|Article Type:||Correction Notice|
|Publication:||Name: Canadian Journal of Urban Research Publisher: Institute of Urban Studies Audience: Academic Format: Magazine/Journal Subject: Social sciences Copyright: COPYRIGHT 2004 Institute of Urban Studies ISSN: 1188-3774|
|Issue:||Date: Winter, 2004 Source Volume: 13 Source Issue: 2|
1) Garnet Picot
Due to a copyediting error Table 4 of "The Deteriorating Economic Welfare of Canadian Immigrants" by Garnet Picot in the Summer 2004 issue 13(1):25-45 was omitted. It is produced here, with some explanatory text for interested readers.
For Canada as a whole, there was little change in the low-income rate during the 1990s. This was the result of two offsetting trends; changes among the Canadian-born tended to push down the rate by 1.0 percentage points, and changes among immigrants tended to increase it by 1.0 points.
However, one should recall that we are discussing change in low-income rates. If one concentrates on the level of low-income, immigrants still hold a minority, although increasing, position. In 2000, 28.5% of the low-income population were immigrants, up from 20% in 1980.
2) Don Devoretz and Sergiy Pivnenko
Due to a copyediting error Table 4 and footnote 5 of "Immigrant Public Finance Transfers: A Comparative Analysis by City" by Don Devoretz and Sergiy Pivnenko in the Summer 2004 issue 13(1):155-69 were omitted. They are produced here, with the accompanying text, for interested readers.
Comparative studies are available on the net fiscal impact of immigrants both in Europe and the United States to help place these results in perspective. The most comprehensive study to date, undertaken by Smith and Edmondson (1997), includes local, state and federal transfers for immigrants and the American born. The set of goods and taxes in their study is intended to be exhaustive. Table 4 reports the total immigrant net annual fiscal transfer (at the local, state and federal levels) for the United States and reveals that in 1996 immigrants were on average a drain on the U.S. treasury. This in turn imposed a net fiscal impact of between $1,613 to $2,206 per immigrant household on the American born. If we restrict our comparison to only U.S. federal transfers by the average foreign-born Californian household, there is a larger negative fiscal transfer ($2,682). (1) Overall, however, they find a very small positive contribution by immigrants to the U.S. treasury.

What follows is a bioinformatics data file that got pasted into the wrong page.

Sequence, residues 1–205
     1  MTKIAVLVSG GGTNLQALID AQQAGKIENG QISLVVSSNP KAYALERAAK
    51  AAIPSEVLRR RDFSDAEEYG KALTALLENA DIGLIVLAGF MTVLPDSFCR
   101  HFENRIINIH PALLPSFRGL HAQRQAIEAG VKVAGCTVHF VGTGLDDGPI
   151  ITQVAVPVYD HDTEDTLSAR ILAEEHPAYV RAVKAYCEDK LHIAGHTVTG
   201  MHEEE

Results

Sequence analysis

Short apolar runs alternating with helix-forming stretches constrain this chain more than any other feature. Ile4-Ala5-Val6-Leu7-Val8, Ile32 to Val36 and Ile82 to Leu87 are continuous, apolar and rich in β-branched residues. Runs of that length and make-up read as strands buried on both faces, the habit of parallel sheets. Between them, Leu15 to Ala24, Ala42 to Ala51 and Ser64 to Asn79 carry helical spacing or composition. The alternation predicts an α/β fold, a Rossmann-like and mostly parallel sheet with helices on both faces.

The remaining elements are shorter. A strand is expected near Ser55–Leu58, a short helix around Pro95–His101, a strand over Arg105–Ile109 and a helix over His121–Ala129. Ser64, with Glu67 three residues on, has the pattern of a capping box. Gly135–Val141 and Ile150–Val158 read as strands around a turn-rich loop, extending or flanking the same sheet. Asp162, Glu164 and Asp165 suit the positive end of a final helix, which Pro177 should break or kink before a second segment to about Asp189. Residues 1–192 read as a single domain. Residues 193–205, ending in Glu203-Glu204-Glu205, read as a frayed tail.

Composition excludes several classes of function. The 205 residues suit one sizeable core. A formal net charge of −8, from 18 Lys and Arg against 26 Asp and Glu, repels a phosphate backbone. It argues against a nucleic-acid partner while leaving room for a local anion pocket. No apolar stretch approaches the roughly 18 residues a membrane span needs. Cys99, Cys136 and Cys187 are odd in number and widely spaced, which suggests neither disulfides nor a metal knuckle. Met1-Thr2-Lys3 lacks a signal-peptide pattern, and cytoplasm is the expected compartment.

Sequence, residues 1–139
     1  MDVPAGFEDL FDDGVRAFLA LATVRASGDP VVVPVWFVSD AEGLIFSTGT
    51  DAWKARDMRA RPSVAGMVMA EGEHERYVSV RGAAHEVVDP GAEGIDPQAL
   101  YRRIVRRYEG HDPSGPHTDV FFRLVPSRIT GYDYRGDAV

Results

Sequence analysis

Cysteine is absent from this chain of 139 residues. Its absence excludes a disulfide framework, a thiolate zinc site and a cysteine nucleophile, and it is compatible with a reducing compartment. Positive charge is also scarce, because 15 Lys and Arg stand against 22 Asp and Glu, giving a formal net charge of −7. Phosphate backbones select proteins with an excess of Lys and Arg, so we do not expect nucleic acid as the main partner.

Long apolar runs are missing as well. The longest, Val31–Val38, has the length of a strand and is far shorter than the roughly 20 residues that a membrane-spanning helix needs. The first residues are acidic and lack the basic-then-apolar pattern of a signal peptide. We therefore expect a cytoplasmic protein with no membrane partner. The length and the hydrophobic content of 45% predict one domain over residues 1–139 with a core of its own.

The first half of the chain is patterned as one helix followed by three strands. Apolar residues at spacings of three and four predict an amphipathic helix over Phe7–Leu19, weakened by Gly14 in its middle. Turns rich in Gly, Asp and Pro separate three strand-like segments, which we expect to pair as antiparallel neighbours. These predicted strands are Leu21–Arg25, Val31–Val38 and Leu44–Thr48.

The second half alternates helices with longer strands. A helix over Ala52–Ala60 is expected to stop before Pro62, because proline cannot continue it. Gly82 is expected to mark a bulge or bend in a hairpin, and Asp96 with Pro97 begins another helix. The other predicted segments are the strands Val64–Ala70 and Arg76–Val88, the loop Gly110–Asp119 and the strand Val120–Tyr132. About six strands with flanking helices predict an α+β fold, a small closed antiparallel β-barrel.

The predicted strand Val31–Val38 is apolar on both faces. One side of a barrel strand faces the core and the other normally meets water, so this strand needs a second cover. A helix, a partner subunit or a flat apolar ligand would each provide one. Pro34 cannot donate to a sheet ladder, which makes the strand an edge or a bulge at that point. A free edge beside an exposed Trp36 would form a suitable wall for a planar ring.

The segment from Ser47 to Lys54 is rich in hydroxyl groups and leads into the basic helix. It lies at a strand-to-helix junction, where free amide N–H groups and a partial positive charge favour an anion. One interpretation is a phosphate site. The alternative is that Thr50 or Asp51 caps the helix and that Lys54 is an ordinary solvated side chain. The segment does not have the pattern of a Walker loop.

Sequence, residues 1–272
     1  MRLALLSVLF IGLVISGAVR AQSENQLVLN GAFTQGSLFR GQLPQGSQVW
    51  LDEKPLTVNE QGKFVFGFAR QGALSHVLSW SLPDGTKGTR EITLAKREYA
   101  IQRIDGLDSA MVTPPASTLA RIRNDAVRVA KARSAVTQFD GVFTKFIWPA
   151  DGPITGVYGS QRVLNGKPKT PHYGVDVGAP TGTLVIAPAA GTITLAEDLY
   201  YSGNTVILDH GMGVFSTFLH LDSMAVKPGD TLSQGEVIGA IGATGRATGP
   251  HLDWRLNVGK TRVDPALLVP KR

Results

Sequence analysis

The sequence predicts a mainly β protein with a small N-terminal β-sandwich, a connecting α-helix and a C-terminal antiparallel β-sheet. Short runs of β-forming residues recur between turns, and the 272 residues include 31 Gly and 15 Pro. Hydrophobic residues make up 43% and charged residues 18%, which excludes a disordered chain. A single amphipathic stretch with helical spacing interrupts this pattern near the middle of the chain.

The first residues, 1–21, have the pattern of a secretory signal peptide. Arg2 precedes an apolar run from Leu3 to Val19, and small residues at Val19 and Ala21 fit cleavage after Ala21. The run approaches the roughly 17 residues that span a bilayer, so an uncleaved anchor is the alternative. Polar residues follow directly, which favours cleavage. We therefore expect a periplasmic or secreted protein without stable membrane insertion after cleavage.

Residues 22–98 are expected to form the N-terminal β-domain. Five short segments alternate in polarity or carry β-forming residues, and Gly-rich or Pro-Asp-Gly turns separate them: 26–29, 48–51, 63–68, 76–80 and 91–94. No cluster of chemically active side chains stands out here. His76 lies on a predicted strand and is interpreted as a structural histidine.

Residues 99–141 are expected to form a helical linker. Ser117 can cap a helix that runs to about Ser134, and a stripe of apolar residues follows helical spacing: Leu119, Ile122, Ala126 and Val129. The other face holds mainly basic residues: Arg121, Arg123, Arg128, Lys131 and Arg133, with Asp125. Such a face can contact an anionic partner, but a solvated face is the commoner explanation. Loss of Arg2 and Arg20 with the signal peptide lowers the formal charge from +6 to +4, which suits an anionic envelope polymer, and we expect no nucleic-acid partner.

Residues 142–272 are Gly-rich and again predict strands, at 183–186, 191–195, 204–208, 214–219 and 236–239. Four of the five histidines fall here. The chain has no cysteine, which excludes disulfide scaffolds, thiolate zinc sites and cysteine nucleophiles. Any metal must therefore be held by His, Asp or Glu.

3) Dany Fougeres
Correction to "Cohabiter dans le sous-sol de Montreal: la commission des services electriques et les enterprises de service public" on the Summer 2003 Montreal Special issue 12(1) cover. The name of the third author should be Dany Fougeres.
Table 4: Change in Low-Income Rate in Canada's Three Largest Cities, 1990-2000 Change associated with *: Change in cities low-income rate City Non-immigrants Immigrants Toronto 1.9 percentage point -0.9 p.p. 2.8 p.p Vancouver 3.1 p.p. -1.7 p.p. 4.7 p.p Montreal 0.3 p.p. -1.1 p.p. 1.4 p.p * The change associated with immigrants can result from both the rising share of immigrants (particularly recent immigrants) in the cities, as well as the rise in low-income rates among immigrants. Source: Picot and Hou, 2003 Table 4: Net Annual Fiscal Impact (NAFI) Imposed by Immigrant Headed Households on All U.S. Native Households State Budget NAFI Immigrant Aggregate NAFI Households New Jersey -$1,613 9.156 million -$14.77 billion California -$2,206 9.156 million -$20.16 billion Source: extract from Table 6.5, Smith and Edmondson (1997), p.284
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